, which is marketed by one of the United States
    United States
    The United States of America is a federal constitutional republic comprising fifty states and a federal district...

    ' biggest producers of hot sauce, the McIlhenny Company, originated on Avery Island.

    Louisiana has three personal income tax
    Income tax
    An income tax is a tax levied on the income of individuals or businesses . Various income tax systems exist, with varying degrees of tax incidence. Income taxation can be progressive, proportional, or regressive. When the tax is levied on the income of companies, it is often called a corporate...

     brackets, ranging from 2% to 6%. The sales tax
    Sales tax
    A sales tax is a tax, usually paid by the consumer at the point of purchase, itemized separately from the base price, for certain goods and services. The tax amount is usually calculated by applying a percentage rate to the taxable price of a sale....

     rate is 4%: a 3.97% Louisiana sales tax and a .03% Louisiana Tourism Promotion District sales tax. Political subdivisions also levy their own sales tax in addition to the state fees. The state also has a use tax
    Use tax
    A use tax is a type of excise tax levied in the United States. It is assessed upon otherwise "tax free" tangible personal property purchased by a resident of the assessing state for use, storage or consumption of goods in that state , regardless of where the purchase took place...

    , which includes 4% to be distributed by the Department of Revenue to local governments. Property taxes are assessed and collected at the local level. Louisiana is a subsidized state, receiving $1.44 from the federal government for every dollar paid in.

    Tourism and culture are major players in Louisiana's economy, earning an estimated $5.2 billion per year. Louisiana also hosts many important cultural events, such as the World Cultural Economic Forum, which is held annually in the fall at the New Orleans Morial Convention Center.

    As of January 2010, the state's unemployment rate was 7.4%. An African American is three times as likely as a white person to be unemployed in Louisiana.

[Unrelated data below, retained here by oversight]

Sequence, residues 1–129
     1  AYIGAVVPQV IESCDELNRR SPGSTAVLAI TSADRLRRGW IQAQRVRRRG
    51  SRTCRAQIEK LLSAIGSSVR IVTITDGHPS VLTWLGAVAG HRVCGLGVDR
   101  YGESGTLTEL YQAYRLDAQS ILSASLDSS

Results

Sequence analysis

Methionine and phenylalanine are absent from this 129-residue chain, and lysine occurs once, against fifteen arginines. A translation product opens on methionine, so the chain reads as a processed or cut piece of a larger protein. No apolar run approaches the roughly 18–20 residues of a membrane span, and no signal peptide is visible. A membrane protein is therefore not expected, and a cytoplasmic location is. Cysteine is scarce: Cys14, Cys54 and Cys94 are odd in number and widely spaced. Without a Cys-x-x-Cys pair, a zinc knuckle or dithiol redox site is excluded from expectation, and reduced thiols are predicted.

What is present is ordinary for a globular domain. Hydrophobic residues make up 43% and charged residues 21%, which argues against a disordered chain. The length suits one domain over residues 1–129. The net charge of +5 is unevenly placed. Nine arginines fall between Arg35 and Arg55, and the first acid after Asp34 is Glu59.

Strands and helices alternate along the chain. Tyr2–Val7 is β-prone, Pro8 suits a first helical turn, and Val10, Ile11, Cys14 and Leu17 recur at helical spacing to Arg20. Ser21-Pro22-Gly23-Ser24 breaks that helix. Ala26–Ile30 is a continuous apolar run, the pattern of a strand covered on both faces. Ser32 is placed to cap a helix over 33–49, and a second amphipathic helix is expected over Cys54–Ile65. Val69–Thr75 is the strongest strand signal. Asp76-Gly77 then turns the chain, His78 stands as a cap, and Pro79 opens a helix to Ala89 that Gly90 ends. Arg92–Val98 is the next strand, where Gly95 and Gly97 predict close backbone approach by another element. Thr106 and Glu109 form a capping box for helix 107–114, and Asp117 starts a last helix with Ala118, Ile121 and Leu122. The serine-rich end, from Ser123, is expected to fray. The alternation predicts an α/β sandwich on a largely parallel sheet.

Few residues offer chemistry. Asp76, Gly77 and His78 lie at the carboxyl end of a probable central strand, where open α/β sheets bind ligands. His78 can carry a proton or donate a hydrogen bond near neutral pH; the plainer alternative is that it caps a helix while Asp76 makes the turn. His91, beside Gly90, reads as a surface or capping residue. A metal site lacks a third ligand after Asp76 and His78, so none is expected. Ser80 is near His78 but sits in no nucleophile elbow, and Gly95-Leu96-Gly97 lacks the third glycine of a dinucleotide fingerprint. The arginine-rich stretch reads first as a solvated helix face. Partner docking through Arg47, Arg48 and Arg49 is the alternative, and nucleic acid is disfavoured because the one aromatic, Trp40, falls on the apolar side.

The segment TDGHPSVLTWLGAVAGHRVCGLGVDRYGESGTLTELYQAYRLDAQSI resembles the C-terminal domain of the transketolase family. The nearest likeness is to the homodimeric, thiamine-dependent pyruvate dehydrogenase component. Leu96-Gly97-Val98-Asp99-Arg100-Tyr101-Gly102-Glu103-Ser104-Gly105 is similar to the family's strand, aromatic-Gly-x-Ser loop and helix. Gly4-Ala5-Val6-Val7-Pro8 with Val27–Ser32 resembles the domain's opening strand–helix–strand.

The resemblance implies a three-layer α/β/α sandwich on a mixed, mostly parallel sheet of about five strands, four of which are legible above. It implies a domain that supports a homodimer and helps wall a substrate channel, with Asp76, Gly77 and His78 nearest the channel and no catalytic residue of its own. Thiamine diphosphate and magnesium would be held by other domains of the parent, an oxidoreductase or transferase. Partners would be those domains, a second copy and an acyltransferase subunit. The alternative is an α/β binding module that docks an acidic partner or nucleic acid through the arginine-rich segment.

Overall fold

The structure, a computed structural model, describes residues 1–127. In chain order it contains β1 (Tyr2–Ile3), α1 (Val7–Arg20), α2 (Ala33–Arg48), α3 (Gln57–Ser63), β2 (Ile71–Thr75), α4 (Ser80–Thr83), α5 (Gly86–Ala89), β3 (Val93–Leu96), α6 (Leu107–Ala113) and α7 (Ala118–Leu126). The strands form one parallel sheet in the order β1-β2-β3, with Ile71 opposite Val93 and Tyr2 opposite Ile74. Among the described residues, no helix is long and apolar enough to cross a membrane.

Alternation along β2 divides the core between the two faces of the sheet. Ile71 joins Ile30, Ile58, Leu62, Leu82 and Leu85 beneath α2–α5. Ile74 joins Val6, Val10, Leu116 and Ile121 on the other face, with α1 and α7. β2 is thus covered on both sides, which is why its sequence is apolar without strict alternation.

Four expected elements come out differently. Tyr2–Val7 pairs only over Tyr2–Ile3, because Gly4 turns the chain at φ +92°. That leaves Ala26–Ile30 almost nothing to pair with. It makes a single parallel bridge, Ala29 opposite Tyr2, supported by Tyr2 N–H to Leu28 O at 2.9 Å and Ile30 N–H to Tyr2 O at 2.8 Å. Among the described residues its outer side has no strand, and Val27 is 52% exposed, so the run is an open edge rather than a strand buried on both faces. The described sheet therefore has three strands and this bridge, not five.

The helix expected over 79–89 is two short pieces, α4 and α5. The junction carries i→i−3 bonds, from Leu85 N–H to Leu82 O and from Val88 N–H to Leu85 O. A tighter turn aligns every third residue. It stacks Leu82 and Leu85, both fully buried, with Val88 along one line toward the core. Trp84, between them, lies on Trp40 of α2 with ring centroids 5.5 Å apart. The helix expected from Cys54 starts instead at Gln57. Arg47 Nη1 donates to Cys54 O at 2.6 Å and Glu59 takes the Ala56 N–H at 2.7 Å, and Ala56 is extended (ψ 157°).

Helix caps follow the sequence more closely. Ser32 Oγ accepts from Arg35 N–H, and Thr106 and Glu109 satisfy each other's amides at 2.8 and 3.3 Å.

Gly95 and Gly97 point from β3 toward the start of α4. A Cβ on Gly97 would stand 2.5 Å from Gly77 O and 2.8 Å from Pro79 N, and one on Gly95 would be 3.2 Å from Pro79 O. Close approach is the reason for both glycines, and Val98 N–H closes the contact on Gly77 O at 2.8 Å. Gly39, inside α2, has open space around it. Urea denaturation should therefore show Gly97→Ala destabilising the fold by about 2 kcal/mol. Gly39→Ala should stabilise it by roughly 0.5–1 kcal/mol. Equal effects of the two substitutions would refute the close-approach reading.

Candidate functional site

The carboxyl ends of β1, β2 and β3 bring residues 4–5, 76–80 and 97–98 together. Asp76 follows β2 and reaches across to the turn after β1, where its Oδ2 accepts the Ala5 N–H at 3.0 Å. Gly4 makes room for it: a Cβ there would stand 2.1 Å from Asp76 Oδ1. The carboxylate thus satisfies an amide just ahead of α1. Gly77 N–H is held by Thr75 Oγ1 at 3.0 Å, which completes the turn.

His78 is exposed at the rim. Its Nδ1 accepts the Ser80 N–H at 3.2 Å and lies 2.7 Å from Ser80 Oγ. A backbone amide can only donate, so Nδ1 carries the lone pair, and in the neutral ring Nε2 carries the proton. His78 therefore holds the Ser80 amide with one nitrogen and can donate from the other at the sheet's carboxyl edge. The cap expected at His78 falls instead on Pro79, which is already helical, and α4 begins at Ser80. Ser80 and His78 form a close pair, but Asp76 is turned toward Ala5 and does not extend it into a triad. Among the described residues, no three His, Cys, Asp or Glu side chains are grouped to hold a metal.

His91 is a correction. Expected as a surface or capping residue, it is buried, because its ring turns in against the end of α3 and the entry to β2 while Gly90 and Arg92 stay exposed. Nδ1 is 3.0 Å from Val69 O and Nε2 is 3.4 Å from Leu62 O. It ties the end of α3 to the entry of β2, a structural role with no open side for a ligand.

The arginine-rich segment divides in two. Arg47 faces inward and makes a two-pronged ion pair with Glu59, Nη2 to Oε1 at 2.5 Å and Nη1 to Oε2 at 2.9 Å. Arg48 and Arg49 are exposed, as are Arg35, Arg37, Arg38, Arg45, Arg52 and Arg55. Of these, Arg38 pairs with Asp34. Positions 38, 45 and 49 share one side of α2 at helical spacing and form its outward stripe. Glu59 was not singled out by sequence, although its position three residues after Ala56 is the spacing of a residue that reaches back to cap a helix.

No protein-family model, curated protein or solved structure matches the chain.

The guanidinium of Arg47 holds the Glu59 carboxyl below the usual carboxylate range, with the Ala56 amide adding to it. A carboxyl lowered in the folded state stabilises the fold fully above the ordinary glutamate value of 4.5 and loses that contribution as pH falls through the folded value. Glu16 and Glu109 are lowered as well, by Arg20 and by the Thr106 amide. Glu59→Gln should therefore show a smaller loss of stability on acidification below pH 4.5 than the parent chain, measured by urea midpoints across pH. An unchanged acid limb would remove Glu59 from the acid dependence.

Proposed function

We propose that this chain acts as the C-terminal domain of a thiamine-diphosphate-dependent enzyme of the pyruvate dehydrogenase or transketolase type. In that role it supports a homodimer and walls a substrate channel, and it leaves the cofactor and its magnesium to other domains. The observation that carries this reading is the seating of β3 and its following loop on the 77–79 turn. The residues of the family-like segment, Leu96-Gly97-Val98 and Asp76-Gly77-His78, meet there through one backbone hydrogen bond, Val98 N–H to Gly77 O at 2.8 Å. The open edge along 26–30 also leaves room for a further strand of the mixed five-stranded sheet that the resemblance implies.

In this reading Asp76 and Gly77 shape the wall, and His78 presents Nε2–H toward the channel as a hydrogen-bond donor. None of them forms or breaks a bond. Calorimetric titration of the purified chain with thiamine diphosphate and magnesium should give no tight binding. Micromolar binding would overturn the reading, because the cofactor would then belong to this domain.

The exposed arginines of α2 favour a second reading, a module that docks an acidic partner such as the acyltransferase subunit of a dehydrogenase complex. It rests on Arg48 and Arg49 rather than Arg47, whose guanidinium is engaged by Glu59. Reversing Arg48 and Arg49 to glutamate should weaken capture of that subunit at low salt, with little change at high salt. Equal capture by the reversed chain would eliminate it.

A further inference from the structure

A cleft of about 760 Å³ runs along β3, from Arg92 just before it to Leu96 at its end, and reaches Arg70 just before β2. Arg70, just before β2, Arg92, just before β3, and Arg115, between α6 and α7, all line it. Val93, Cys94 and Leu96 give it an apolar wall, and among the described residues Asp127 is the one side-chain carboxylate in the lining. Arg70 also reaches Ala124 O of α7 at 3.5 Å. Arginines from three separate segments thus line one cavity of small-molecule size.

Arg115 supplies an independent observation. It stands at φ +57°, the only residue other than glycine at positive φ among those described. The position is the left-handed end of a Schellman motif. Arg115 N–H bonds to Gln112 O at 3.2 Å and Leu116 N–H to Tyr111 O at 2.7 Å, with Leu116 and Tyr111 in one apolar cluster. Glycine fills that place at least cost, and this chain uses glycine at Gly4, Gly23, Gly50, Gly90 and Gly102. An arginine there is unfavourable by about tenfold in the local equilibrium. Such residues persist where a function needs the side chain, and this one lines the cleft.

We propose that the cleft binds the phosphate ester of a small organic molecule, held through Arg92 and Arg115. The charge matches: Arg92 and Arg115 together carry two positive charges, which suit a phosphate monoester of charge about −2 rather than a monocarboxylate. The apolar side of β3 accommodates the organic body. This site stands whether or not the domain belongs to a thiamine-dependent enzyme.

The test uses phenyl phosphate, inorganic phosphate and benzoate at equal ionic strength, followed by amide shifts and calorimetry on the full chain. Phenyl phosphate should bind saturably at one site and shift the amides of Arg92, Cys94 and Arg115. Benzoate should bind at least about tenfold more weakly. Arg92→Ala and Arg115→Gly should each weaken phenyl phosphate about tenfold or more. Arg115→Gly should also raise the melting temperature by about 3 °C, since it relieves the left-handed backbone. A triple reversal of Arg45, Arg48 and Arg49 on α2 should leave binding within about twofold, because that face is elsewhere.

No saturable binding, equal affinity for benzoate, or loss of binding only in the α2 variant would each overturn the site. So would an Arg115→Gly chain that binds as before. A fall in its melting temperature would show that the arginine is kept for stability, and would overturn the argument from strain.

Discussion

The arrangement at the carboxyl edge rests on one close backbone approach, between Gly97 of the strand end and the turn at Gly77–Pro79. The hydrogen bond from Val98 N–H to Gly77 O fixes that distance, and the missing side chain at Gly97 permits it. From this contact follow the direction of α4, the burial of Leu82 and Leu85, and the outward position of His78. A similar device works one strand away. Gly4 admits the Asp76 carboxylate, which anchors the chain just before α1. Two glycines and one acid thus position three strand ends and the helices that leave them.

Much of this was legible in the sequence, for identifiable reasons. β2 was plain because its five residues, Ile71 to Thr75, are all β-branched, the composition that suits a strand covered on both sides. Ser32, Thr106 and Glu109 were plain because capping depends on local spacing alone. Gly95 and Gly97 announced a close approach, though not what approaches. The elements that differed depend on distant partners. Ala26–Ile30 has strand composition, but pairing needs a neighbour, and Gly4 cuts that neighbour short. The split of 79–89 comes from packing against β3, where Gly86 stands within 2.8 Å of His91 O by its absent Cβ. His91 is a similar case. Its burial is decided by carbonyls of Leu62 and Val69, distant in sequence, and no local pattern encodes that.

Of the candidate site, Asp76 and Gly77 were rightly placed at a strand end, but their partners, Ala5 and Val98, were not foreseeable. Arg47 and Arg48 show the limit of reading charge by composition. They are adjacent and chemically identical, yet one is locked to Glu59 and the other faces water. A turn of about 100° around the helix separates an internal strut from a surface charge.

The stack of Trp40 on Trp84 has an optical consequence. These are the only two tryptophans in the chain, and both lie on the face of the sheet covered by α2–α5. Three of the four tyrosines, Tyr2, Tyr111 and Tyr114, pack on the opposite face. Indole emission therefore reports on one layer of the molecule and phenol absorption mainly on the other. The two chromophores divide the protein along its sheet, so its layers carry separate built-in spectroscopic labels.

Federal subsidies and spending


    Louisiana taxpayers receive more federal funding per dollar of federal taxes paid compared to the average state. Per dollar of federal tax collected in 2005, Louisiana citizens received approximately $1.78 in the way of federal spending. This ranks the state 4th highest nationally and represents a rise from 1995 when Louisiana received $1.35 per dollar of taxes in federal spending (ranked 7th nationally). Neighboring states and the amount of federal spending received per dollar of federal tax collected were: Texas ($0.94), Arkansas ($1.41), and Mississippi ($2.02). Federal spending in 2005 and subsequent years since has been exceptionally high due to the recovery from Hurricane Katrina.
    Tax Foundation.

    Energy



    Louisiana is rich in petroleum
    Petroleum
    Petroleum or crude oil is a naturally occurring, flammable liquid consisting of a complex mixture of hydrocarbons of various molecular weights and other liquid organic compounds, that are found in geologic formations beneath the Earth's surface. Petroleum is recovered mostly through oil drilling...

     and natural gas
    Natural gas
    Natural gas is a naturally occurring gas mixture consisting primarily of methane, typically with 0–20% higher hydrocarbons . It is found associated with other hydrocarbon fuel, in coal beds, as methane clathrates, and is an important fuel source and a major feedstock for fertilizers.Most natural...

    . Petroleum and gas deposits are found in abundance both onshore and offshore in State-owned waters. In addition, vast petroleum and natural gas reserves are found offshore from Louisiana in the federally administered Outer Continental Shelf
    Outer Continental Shelf
    The Outer Continental Shelf is a peculiarity of the political geography of the United States and is the part of the internationally recognized continental shelf of the United States which does not fall under the jurisdictions of the individual U.S...

     (OCS) in the Gulf of Mexico
    Gulf of Mexico
    The Gulf of Mexico is a partially landlocked ocean basin largely surrounded by the North American continent and the island of Cuba. It is bounded on the northeast, north and northwest by the Gulf Coast of the United States, on the southwest and south by Mexico, and on the southeast by Cuba. In...

    . According to the Energy Information Administration
    Energy Information Administration
    The U.S. Energy Information Administration is the statistical and analytical agency within the U.S. Department of Energy. EIA collects, analyzes, and disseminates independent and impartial energy information to promote sound policymaking, efficient markets, and public understanding of energy and...